The leader of Nationstar Mortgage Holdings’ (NSM) servicing operations is stepping down.
Nationstar’s president and chief operating officer, Harold Lewis, informed the company Wednesday that he intends to retire and will resign from his positions, effective May 31.
Lewis has been with Nationstar since 2012. According to his bio on Nationstar’s website, Lewis came to Nationstar from CitiMortgage, where he was chief operating officer. Lewis joined CitiMortgage in 2009.
Prior to that, Lewis held executive positions at Fannie Mae for seven years, including as senior vice president of national servicing. Lewis has also held senior management roles with Resource Bancshares Mortgage Group, Nations Credit, Bank of America/Barnett Bank, Cardinal Bank Shares and Union Planter National Bank.
According to Nationstar, under Lewis’ watch, the company’s servicing portfolio grew from approximately $100 billion in unpaid principal balance in early 2012 to around $390 billion in unpaid principal balance at the end of the first quarter of this year.
Nationstar CEO Jay Bray will add the title of president when Lewis steps down.
Filling the role as the head of company’s servicing operations will be Mike Rawls, who is being promoted to executive vice president of servicing. Rawls is a 15-year veteran of Nationstar.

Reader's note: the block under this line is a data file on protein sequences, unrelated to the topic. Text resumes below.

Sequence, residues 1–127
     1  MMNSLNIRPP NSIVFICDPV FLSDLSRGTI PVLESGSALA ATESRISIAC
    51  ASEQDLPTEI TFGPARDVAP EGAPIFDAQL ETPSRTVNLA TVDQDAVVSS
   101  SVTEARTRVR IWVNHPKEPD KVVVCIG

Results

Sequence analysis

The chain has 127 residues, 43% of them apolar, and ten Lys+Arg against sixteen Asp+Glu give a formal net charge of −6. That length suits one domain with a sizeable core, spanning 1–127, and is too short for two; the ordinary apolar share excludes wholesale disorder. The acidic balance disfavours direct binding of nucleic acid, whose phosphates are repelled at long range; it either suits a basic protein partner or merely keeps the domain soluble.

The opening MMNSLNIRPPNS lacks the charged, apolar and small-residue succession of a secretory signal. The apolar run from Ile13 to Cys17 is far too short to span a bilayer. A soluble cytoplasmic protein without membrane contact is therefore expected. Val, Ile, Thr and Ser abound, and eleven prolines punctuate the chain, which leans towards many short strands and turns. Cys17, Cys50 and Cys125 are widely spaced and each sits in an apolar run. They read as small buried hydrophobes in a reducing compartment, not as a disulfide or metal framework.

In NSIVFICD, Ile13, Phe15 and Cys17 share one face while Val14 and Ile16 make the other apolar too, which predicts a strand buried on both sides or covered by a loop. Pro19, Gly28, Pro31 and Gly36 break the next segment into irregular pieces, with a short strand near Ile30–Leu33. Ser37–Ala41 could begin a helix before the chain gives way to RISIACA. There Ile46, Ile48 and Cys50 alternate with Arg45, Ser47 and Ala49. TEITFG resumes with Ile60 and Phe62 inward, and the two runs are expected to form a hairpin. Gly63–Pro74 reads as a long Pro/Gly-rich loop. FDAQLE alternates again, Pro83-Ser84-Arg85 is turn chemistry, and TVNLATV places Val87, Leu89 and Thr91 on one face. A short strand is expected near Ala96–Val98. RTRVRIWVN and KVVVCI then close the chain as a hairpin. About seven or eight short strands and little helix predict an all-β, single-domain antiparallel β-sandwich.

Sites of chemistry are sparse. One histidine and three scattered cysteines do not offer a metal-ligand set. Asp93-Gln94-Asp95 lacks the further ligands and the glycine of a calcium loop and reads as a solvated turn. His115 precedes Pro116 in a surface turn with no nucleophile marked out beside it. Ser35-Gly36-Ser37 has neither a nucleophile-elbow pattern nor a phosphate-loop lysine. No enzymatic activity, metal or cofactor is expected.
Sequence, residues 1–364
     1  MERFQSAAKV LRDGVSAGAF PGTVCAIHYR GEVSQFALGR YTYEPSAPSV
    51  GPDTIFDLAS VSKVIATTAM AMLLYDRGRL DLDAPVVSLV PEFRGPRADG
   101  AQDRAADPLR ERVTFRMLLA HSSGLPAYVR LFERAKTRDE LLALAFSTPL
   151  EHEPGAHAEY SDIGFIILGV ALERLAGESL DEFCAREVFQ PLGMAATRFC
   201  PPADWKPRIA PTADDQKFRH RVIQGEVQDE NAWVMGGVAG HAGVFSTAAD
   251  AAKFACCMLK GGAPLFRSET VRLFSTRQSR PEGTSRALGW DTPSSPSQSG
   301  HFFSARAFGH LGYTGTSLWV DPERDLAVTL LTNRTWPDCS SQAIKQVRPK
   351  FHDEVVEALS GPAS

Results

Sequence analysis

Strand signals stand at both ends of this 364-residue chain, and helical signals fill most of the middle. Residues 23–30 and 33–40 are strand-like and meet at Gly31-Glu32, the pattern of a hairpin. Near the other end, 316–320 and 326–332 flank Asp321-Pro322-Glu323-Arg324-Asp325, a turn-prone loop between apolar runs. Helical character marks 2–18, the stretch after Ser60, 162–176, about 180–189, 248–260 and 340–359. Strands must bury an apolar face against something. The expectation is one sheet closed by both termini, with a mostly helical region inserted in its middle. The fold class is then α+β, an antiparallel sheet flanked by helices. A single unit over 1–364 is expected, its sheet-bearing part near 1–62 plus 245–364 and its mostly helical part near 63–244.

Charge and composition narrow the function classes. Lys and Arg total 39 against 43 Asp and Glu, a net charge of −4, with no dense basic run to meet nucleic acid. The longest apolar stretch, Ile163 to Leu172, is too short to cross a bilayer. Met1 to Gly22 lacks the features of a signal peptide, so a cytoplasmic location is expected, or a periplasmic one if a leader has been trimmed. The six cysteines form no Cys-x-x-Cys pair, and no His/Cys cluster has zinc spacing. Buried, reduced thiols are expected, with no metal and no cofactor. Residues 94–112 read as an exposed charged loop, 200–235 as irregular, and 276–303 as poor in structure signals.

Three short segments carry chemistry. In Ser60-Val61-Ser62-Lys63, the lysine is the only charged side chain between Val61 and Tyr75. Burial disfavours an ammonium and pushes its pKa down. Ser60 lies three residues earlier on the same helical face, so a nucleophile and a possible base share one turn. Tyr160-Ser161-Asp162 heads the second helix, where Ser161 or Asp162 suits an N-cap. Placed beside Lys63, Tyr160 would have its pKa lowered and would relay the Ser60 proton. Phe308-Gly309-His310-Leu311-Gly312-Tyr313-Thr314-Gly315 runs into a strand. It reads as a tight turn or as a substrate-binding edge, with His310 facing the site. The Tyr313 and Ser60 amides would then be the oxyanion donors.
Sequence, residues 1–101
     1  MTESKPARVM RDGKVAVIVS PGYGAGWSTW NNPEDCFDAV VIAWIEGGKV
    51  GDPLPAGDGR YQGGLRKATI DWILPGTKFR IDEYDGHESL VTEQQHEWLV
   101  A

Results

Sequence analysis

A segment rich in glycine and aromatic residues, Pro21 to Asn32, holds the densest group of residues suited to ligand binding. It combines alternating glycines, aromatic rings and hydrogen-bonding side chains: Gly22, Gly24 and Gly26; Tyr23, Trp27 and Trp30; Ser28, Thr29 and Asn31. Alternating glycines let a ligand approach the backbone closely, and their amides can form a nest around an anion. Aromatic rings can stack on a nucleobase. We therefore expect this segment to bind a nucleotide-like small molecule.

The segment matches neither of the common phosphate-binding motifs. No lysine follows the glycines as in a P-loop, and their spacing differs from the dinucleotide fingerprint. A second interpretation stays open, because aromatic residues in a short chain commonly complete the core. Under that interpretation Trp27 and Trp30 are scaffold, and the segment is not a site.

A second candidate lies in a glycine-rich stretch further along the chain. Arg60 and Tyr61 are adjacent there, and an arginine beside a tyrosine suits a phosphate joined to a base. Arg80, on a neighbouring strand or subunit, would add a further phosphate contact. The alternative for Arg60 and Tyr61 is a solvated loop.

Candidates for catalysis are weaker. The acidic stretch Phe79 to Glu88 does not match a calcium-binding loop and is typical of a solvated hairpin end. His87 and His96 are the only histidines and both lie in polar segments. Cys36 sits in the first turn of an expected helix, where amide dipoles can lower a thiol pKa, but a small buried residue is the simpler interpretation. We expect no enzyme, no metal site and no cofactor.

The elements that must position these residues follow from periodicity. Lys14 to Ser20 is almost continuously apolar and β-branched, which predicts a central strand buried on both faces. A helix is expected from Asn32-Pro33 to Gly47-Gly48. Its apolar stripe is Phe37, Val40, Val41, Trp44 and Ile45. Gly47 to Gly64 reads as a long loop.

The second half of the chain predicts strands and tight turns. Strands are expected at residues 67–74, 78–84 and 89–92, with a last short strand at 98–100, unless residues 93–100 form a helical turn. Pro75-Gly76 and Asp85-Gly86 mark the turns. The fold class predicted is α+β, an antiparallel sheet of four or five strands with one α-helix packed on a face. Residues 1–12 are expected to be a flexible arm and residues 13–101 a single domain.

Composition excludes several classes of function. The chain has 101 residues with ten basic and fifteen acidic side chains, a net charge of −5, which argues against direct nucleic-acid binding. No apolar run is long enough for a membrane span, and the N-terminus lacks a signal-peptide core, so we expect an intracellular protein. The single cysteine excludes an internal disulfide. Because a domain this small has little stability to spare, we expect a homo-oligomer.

Recently, Rawls led the company’s default servicing business, and more recently has been responsible for reverse mortgage servicing and the company’s non-performing loans segment.
Lewis’ departure comes on the heels of Nationstar posting a surprising loss in the first quarter, driven somewhat by a loss of servicing revenue.
The company’s first-quarter servicing segment revenue of $109 million fell 49% from Q4, mostly due to higher prepayments as rates fell, the company said earlier this month.
Those results led several analysts to downgrade the company. Analysts from FBR Capital Markets, Oppenheimer and Barclays (BCS) issued significant reductions to Nationstar’s price targets, and in one case, a downgrade from “market perform” to “underperform.”
FBR Capital downgraded Nationstar from “market perform” to “underperform,” and lowered its price target from $25 to $15. According to a Briefing.com note, FBR said “they continue to view (Nationstar) as the best high-touch, specialty servicer that remains well positioned to make further mortgage servicing rights acquisitions.”
But the FBR analysts cautioned that Nationstar is “transforming into a more traditional mortgage bank that suffers from mortgage servicing rights asset-related earnings volatility, as this quarter demonstrated.”